I wrote a post called “How to Make You and Your Workout Click.” In that post I talked about moving in a way that makes you happy. Don’t head straight to the elliptical after work just because you feel like you have to. Go for a walk, do Zumba in your living room, join some sort of fitness class, or look around for fun workout videos on You Tube. Do what you want to do. I want to do my early-morning boot camp circuit classes. I don’t want to run on the treadmill. I want to do pilates or barre. I don’t want to do a Les Mills kickboxing “combat” class. On Saturday, I felt like I should go for a long run. But I didn’t actually want to. Instead, I downloaded a new podcast from Fearless Rebelle Radio (which has great shows about body image) and went for a five mile walk. That walk made me calm and happy. You’re much more likely to move frequently if you’re doing something that makes you happy.
3. Find Ways to Manage Stressful Situations.
We fog our brains when we allow stress to take over our lives. We overeat, over drink, defer exercise, and forget that we need to take care of ourselves. We need to have strategies to manage stress. If that means happy hour, great! And don’t forget that simple, low-impact exercises like walking and yoga are known to reduce cortisol levels in the body. Exercise (when it makes you happy) is an incredible form of stress relief.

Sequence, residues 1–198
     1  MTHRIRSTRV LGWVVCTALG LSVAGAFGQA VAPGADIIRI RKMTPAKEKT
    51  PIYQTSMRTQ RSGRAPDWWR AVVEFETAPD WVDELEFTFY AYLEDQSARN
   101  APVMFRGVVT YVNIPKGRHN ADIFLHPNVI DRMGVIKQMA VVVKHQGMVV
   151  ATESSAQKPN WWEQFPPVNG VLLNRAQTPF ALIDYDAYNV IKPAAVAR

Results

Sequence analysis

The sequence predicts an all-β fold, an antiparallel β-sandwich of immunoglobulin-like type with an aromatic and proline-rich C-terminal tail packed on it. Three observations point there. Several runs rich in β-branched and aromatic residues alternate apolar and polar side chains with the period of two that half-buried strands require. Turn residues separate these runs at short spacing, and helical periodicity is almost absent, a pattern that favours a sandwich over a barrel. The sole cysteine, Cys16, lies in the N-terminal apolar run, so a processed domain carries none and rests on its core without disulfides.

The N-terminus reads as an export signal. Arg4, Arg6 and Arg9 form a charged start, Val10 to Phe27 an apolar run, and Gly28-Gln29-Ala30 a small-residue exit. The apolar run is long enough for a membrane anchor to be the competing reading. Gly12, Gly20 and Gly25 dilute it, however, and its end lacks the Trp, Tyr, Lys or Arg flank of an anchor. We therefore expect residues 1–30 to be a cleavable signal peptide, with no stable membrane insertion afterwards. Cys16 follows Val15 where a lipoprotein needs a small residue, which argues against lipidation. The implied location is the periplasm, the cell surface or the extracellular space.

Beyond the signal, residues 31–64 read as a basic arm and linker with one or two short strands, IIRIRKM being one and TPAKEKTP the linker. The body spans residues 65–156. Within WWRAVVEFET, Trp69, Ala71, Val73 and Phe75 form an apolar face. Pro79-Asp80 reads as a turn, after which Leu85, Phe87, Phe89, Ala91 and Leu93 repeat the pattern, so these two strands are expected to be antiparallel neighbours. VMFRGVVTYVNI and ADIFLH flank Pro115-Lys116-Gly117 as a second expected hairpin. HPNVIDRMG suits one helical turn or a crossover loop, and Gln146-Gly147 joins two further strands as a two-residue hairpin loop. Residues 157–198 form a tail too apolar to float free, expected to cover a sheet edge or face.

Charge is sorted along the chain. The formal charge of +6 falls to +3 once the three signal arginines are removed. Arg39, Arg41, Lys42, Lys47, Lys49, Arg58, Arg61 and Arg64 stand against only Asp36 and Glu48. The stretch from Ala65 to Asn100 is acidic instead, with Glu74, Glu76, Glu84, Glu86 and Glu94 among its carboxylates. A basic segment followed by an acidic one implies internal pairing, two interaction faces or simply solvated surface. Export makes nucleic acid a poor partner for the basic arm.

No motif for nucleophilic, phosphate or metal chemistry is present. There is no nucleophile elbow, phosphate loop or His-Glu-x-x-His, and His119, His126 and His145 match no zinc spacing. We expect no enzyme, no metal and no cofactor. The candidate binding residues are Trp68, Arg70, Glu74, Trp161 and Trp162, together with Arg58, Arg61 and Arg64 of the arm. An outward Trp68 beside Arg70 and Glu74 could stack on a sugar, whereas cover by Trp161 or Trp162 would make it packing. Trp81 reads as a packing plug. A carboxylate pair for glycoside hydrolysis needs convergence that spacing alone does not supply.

It’s also important to examine the sources of stress. Is there something you can let go of? Is there something that doesn’t have to be done perfectly? Is there a smarter way to go about completing a task? Are you eating? That last one always surprises me….I know for some people it’s difficult to eat when stressed, but skipping meals will do nothing good for your body’s ability to carry you through those tough moments. Pause and eat something nutritious.
We crave sweets and other carbohydrates when we are low on sleep. Sleep more, crave less!
5. Be Self-Aware.
I eat slowly most of the time. I know it drives Ryan crazy to watch me nibble on a piece of chocolate or to take a month to finish a pint of ice cream because I only eat one or two bites every once in a while. I love food so much that I am rarely fazed by feeling full. Food tastes just as good when I’m stuffed as it does when I’m starving. So I have to practice mindful eating. Most of the time, I eat slowly with purpose. It makes all the difference. (Click here if you want to learn more about mindful eating.)
It’s also important to be self-aware while exercising. I think If I were working with a trainer, would I try harder? If Jillian Michaels and Chris Powell were nearby, would I do more reps? Jillian Michaels herself talked about this issue in one of her podcasts. Sometimes, without someone to push us, we work at only 50% of our fitness potential. That’s okay sometimes. A 50% effort falls into a stress-reducing exercise category, but when we intend to go hard, then go hard!
5. Be Nice!
Be nice to yourself. This is a lesson I have to learn again and again. Feeling guilty over mistakes and slip-ups, whether in diet or work or with family, does not allow us to move forward. This is a topic I find kind of embarrassing to talk about because I can be so unforgiving to myself when it comes to food and fitness. But everyday I try to remember that I need to do what makes me my happiest and healthiest…not leanest.
If you want to read more about Molly Gallbraith, click this link for her website! I’m a big fan over her overall message of attaining and maintaining a healthy & happy weight!
Question: What keeps you at a happy weight?